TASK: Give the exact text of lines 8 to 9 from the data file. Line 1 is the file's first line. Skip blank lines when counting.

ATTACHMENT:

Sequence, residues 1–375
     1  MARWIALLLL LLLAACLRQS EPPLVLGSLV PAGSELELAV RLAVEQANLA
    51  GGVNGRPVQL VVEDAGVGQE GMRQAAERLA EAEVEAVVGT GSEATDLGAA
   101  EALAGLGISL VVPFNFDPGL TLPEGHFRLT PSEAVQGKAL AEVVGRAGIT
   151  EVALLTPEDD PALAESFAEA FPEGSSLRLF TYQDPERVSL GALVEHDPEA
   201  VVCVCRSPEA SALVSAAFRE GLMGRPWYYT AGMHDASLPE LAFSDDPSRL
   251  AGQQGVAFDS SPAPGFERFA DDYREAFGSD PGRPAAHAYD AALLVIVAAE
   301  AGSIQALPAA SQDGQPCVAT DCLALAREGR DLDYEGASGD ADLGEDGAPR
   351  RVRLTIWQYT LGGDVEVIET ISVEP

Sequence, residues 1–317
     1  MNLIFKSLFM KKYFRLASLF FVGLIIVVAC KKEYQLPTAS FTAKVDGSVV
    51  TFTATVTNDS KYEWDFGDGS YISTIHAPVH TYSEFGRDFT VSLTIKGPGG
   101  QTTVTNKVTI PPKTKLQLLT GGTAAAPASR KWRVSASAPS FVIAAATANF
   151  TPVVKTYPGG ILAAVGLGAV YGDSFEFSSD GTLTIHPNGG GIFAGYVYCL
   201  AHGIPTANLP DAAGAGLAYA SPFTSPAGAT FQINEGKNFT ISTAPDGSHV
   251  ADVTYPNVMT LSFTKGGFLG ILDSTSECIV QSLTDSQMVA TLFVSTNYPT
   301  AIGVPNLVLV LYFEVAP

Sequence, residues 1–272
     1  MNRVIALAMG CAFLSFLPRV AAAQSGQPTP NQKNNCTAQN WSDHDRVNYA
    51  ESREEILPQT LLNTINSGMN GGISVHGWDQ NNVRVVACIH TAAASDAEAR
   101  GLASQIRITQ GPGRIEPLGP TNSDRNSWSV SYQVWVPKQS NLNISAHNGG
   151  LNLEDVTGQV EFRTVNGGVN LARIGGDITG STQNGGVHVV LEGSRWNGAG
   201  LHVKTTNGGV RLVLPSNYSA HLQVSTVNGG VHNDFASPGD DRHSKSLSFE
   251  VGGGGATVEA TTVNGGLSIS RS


   301  AGSIQALPAA SQDGQPCVAT DCLALAREGR DLDYEGASGD ADLGEDGAPR
   351  RVRLTIWQYT LGGDVEVIET ISVEP